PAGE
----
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  • The Know Daily - Monday 29 April 2024

The Know Daily - Monday 29 April 2024

🛜 New laws on easy-to-guess passwords, nature conservation works + Scotland’s first minister considers resigning.

Read in 5m 24s Listening to Cults 

🛜 New laws to make smart devices more secure

👏 Landmark trials for a melanoma vaccine 

🏴󠁧󠁢󠁳󠁣󠁴󠁿 Humza Yousaf considers resigning as first minister

A new study has found that nature conservation works - and we’re getting much better at it. 👏 Researchers spent a decade looking at measures to reduce biodiversity loss - from managing invasive species to breeding Chinook salmon - and found they had a positive effect in two out of every three cases. 

🛜 Smart device security

Tech that comes with easy-to-guess passwords such as “admin” is being banned in the UK, under new laws requiring manufacturers of smart devices to make them more secure.

Go on…
The number of internet-linked devices in UK homes has boomed in recent years, from broadband routers and televisions to doorbells, baby monitors and even fridges. But hackers can use these smart devices to steal private data - and now, the government is introducing world-first laws aimed at reducing this risk.

What do the laws involve, exactly?
Manufacturers will have to make sure any devices that come with pre-set passwords aren’t left blank or easy-to-guess, with users prompted to change any common passwords (so no more “12345”). They will also have to publish information on when they will end support and security updates for older models.

If manufacturers don’t meet these new requirements, they could face fines.

Just how popular is smart tech?
Very popular. According to the Department for Science, Innovation, and Technology (DSIT), 99% of UK adults now own at least one smart device, with UK households owning an average of nine connected devices. This means that the security risks have “ballooned” in recent years, said the BBC, with the government saying the new laws should give consumers “peace of mind”.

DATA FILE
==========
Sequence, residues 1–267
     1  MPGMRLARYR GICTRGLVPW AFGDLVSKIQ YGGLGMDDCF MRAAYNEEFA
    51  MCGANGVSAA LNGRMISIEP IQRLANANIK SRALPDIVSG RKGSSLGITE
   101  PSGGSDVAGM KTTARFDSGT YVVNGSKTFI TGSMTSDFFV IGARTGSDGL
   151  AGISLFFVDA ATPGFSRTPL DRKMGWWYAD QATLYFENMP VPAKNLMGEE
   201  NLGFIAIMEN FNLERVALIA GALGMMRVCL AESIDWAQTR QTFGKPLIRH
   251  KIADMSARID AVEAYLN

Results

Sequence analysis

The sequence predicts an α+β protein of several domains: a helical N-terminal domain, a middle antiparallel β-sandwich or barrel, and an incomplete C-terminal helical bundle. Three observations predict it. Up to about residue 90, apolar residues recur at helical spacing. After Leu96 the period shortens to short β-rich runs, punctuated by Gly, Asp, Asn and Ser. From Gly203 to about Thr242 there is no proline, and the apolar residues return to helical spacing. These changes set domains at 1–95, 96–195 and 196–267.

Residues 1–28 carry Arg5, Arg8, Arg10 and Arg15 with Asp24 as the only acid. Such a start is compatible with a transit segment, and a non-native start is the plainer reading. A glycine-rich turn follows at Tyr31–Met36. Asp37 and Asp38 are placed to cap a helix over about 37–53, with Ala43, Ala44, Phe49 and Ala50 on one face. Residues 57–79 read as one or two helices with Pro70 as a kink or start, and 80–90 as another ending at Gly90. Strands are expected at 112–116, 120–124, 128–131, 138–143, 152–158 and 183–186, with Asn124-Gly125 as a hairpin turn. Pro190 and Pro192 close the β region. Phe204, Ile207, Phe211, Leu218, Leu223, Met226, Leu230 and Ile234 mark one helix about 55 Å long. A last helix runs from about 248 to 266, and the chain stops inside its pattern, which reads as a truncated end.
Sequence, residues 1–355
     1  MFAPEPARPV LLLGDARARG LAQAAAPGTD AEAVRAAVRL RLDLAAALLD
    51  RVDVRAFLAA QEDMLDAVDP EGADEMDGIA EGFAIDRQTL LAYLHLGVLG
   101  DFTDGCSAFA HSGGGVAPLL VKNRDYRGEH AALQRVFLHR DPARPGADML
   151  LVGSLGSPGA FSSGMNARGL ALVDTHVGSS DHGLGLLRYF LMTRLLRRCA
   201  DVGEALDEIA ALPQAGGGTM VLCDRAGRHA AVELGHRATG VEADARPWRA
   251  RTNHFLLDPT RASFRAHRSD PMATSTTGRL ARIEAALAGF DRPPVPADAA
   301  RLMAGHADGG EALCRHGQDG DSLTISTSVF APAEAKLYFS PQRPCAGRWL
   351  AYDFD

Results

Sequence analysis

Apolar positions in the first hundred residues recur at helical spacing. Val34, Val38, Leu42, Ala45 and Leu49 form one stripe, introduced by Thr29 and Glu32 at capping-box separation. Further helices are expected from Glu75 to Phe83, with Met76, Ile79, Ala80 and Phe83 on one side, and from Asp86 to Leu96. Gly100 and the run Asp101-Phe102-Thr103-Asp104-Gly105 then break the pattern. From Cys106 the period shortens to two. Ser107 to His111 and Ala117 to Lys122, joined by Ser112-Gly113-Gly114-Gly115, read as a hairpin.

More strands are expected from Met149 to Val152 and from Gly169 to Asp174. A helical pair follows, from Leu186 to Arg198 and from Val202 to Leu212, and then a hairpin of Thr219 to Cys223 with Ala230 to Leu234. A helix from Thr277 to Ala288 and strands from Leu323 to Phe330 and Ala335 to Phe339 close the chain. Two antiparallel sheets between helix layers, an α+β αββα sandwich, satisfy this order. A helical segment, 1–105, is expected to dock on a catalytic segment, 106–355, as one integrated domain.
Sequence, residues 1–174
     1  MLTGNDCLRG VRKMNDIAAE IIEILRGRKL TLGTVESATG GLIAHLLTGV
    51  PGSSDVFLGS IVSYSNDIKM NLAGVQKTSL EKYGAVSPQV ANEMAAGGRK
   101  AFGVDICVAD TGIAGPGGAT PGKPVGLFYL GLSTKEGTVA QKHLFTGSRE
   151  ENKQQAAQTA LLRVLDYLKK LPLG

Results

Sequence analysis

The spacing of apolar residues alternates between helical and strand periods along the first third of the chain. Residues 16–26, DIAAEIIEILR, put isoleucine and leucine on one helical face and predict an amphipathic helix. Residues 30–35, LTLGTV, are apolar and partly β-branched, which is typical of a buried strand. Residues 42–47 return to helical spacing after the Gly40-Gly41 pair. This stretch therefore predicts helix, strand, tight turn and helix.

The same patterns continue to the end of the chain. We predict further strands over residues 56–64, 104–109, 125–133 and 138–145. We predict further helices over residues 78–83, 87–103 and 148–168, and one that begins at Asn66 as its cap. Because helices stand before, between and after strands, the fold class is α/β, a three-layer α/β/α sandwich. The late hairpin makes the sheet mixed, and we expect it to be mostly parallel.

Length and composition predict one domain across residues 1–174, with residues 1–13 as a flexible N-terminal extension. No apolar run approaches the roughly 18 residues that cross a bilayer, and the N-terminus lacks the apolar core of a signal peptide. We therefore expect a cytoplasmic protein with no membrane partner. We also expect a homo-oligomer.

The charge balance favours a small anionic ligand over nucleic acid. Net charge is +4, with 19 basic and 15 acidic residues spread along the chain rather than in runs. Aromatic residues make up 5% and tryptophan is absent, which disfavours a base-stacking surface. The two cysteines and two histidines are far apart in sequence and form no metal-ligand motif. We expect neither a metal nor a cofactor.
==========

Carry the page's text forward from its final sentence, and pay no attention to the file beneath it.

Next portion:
If you own a couple of smart devices, Which? offers great advice on keeping them as secure as possible.


How many time zones does Russia have?

A) 5
B) 7
C) 11

Scroll to the very bottom for the answer.

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👏 A landmark trial

Hundreds of patients are set to benefit from the world’s first personalised mRNA cancer vaccine for melanoma.

Tell me more. 
Surgery is currently the main treatment for melanoma, which is a type of skin cancer. But in a landmark trial, a new vaccine - which uses the same technology as current Covid jabs - is being given to patients to prevent the cancer from returning. 

As The Guardian explains, the jabs work by triggering a patient’s immune system so it can recognise and wipe out any remaining cancer cells. Crucially, each jab is custom-built for each patient, to ensure the most effective response.

That sounds like a pretty big deal.
It is! An earlier trial found the vaccine dramatically reduces the risk of melanoma returning - and this final trial aims to confirm these results on a wider range of patients. Researchers plan to recruit about 1,100 people, with the UK part of the international trial looking to recruit at least 60 patients from across the country.

What’s the bigger picture?
Dr Heather Shaw, national coordinating investigator for the trial, pointed out that the personalised jabs are also being tested in other cancers, including lung, bladder and kidney. She said the therapy appeared to have “relatively tolerable side effects”, the BBC reported, adding to hopes that it could be a “gamechanger”.

📣 Want to help a fellow reader - and make The Know even better? A university researcher is looking into what we like about newsletters and why they’re growing in popularity - and he’s looking for readers to interview! If you’d like to help, please reach out to Charles Lambert here 📣

🏴󠁧󠁢󠁳󠁣󠁴󠁿 Scotland politics: Humza Yousaf is reportedly considering resigning as first minister, ahead of a key no confidence vote later this week. 

🗣️ Assisted dying debate: MPs are set to debate assisted dying for the first time in two years, triggered by a petition which gained more than 200,000 signatures.

🎰 Abandoning ads: The online casino company 888.com is set to withdraw ads from London’s transport network, following criticism over their tone

👏 Important exhibition: An artist from Brighton is raising awareness of vaginismus, saying she hoped her photography would “fill in the gaps missing from women’s health and education”. 

🤔 Flying start: A 101-year-old frequent flyer keeps getting mistaken for a baby because an airline’s booking system cannot compute her date of birth.

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Trivia answer:  C) Russia spans 11 different time zones - but that’s not even the most of any country. 

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